Make your organics count. If you are an organic consumer, the most effective -- and healthy -- way to spend your organic dollars is on true winners: whole plant foods, such as fruits, vegetables, grains, legumes and nuts. These foods are rich in nutrients, such as protein, fiber, vitamins, minerals and phytochemicals (naturally occurring plant compounds that protect health,) and low in calories, sugar and saturated fat. "Try to choose foods as close to the way they come out of the ground," says Giancoli.

THE MEANING OF ORGANIC
The U.S. Department of Agriculture's National Organic Program sets forth strict guidelines for the agriculture of organic foods, restricting the use of synthetic pesticides, fertilizers and growth hormones; antibiotics and genetically modified organisms in their production. Thus, organic food production offers many bonuses to both people and the environment, such as lowering human exposure to these agents, as well as promoting healthy soil, ecosystems and water supplies. However, these organic standards have nothing to do with regulating a food product's nutritional attributes.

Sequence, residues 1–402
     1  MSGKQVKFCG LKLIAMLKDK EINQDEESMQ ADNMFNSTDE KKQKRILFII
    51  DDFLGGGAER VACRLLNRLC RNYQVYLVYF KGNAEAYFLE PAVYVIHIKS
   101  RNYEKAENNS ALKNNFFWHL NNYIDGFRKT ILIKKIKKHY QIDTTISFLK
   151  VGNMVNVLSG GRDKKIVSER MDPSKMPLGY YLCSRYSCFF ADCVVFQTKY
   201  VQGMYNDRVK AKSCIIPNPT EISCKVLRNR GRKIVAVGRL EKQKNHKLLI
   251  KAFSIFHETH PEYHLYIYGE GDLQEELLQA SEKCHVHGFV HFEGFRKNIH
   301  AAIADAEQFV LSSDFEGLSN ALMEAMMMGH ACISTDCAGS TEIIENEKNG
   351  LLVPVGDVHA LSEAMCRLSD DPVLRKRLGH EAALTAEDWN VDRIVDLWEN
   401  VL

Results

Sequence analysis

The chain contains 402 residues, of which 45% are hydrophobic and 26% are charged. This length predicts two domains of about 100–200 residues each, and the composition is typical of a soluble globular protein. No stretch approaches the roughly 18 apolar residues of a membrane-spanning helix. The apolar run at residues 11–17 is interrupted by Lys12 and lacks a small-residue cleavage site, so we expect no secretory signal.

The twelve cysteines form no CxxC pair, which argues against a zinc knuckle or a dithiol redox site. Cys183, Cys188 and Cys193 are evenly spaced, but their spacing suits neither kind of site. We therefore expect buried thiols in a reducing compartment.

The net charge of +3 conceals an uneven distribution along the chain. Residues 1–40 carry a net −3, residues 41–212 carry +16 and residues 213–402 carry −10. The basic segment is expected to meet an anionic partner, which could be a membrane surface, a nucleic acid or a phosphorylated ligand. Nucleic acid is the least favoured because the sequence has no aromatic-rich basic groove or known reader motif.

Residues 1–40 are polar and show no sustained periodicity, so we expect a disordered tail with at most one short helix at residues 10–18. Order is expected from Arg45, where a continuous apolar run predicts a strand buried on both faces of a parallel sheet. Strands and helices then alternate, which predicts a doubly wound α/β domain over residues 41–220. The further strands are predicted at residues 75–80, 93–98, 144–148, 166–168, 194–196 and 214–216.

SMART ORGANIC FOOD SWAPS
Instead of organic sugar-sweetened breakfast cereal … choose organic steel cut oats

Instead of organic candy … choose organic dried fruit, such as raisins, apricots, apples, cherries and berries

Instead of organic potato chips … choose organic nuts and seeds, such as walnuts, pecans, pistachios, almonds and sunflower seeds

Instead of organic soda … choose home-brewed organic iced tea

Instead of organic butter crackers … choose organic whole wheat flatbread

Instead of organic sandwich cookies … choose organic unsweetened fruit (fresh, canned or frozen) such as pears, apples, bananas, peaches, grapes and berries

(Reprinted with permission from Environmental Nutrition, a monthly publication of Belvoir Media Group, LLC. 800-829-5384. www.EnvironmentalNutrition.com.)